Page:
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Is Rhododendron Poisonous to Cats? Everything You Need to Know!

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By Nicole Cosgrove

Rhododendron

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Reviewed & Fact-Checked By

Dr. Lorna Whittemore

MRCVS (Vet)

The information is current and up-to-date in accordance with the latest veterinarian research.

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Because there are so many varieties of rhododendron, and some go by different names, they can be difficult to identify correctly. A dangerous plant can go undetected until a well-meaning cat goes for a snack. Yes, rhododendrons are poisonous to cats and very dangerous. Just a tiny amount of the plant can lead to coma and death without immediate veterinary treatment.

If you’ve caught your sneaky feline helping themselves to a plant you suspect is a rhododendron, or they are showing any symptoms, it’s essential to call your vet or the ASPCA Poison Control Hotline at (888) 426-4435 for your next steps.

What are Rhododendrons?

A rhododendron is a large group of bright, exotic-looking flowers native to North America, Europe, Asia, and northern Australia. They are popular because of their wide-ranging colors and light floral scent, and they can be grown both indoors and out, depending on the species. They can go by other names, like Rosebay and are similar to Azalea. Identifying a rhododendron may be difficult if you aren’t familiar with the species.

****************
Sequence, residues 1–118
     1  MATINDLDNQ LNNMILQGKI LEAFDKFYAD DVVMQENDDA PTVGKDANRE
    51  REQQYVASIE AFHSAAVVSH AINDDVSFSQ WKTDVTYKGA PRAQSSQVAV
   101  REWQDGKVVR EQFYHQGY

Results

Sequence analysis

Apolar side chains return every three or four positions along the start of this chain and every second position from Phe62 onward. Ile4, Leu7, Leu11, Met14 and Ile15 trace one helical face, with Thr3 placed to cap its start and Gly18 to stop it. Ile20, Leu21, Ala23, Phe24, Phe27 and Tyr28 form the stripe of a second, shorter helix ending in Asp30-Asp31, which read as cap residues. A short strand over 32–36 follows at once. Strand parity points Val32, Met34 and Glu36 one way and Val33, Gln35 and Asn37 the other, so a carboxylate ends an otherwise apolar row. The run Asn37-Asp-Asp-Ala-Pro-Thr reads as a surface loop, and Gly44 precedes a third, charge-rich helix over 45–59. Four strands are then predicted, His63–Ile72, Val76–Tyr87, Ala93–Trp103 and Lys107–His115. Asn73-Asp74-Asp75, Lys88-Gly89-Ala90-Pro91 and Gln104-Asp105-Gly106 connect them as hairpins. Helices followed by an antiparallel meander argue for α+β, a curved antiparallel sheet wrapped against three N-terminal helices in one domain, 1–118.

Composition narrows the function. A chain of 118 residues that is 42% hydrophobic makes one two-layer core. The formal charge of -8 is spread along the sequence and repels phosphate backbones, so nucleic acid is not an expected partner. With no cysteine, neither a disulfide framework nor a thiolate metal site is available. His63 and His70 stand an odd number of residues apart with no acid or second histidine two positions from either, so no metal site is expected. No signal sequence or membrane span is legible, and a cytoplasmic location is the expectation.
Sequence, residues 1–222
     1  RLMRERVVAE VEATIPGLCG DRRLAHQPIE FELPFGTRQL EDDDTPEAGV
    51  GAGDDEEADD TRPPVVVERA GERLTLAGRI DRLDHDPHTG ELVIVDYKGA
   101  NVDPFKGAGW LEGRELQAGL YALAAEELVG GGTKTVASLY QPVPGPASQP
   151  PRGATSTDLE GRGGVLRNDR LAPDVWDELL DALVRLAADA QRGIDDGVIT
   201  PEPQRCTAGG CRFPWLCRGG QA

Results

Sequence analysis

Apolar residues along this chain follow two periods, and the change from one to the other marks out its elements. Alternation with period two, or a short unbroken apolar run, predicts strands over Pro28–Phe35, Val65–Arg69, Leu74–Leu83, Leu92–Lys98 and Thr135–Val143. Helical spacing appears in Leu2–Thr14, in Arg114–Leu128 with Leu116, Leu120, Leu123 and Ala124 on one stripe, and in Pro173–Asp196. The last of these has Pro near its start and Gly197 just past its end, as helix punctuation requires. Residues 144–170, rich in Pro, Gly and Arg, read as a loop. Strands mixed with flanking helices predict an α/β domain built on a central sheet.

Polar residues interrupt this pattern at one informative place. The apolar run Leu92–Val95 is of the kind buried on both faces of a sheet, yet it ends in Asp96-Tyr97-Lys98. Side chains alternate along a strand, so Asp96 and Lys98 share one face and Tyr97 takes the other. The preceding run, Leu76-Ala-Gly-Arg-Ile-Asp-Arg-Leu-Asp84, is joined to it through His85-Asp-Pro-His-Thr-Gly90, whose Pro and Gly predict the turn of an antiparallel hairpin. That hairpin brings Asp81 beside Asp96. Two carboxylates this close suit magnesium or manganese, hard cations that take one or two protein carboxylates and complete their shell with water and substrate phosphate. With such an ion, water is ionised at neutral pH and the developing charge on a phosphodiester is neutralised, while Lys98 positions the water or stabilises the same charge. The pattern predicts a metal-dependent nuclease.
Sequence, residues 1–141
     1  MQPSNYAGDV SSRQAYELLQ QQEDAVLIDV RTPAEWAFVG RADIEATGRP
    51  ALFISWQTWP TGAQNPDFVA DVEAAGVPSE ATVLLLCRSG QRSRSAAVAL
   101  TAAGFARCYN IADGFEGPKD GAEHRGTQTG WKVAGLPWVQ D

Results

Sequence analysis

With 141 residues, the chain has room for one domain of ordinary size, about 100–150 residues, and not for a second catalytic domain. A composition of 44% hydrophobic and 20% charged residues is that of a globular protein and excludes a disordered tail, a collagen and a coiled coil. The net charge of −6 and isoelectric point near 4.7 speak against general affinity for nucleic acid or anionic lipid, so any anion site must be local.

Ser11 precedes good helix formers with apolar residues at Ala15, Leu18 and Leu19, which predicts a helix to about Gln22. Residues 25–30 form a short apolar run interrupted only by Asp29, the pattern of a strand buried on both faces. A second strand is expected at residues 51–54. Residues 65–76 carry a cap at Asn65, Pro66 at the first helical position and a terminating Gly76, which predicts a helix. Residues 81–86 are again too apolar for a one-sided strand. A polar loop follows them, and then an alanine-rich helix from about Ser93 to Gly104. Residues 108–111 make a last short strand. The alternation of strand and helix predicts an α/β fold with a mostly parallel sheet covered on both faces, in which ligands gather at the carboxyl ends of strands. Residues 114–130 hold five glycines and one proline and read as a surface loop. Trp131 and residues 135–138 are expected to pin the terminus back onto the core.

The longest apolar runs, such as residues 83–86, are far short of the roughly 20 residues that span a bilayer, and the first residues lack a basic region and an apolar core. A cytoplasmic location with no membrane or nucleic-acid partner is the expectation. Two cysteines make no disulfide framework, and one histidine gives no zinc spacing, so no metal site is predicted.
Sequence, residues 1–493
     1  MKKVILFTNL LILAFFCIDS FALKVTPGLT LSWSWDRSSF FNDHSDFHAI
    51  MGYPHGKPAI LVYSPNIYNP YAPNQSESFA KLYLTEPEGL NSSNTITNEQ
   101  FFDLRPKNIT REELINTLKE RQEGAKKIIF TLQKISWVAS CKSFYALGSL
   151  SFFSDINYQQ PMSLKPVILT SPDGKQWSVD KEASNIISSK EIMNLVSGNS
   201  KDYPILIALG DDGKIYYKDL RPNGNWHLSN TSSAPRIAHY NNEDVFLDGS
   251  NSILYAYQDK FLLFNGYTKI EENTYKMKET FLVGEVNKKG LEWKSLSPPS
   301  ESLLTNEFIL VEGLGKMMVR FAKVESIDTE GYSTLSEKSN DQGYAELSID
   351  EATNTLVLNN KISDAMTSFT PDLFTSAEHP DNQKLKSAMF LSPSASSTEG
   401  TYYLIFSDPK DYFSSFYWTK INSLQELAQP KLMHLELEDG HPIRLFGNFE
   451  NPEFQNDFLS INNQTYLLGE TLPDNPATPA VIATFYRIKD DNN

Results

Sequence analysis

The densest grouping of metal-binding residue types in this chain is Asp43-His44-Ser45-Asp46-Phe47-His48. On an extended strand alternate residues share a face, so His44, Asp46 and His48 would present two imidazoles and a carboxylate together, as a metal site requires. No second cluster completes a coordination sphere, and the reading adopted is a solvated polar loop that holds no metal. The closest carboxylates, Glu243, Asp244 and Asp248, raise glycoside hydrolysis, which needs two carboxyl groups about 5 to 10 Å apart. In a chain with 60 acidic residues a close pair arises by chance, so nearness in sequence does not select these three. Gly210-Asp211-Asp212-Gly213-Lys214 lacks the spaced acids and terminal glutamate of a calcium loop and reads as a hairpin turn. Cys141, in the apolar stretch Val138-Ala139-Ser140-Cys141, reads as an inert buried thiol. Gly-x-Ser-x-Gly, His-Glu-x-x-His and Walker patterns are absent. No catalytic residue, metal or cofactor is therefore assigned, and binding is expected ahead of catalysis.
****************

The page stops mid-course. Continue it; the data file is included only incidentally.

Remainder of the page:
Are All Rhododendrons Poisonous?

According to the Rhododendron Species Botanical Garden, there are over 1,200 species of the plant, and that doesn’t include hybrids that were designed specifically for certain qualities. Are all of these species poisonous? Yes, all rhododendrons are toxic to cats.

Rhododendrons contain toxic diterpenoids known as grayanotoxins, which affects muscles throughout the body, including the muscles of the heart, as well as nerve function. In small pets, grayanotoxin poisoning is often deadly. Although consumption of the plants or food products made from them typically only causes intoxication in humans, the effects may also be harmful.

What Happens if a Cat Eats Rhododendron?

Symptoms of rhododendron poisoning in cats can show within an hour but usually within 6 hours and worsen quickly. It’s vital to seek veterinary treatment as soon as possible after your kitty has consumed any part of the rhododendron plant. Even chewing on the petals, leaves, or stems can cause symptoms. As little as 0.2% of the cat’s weight can cause poisoning.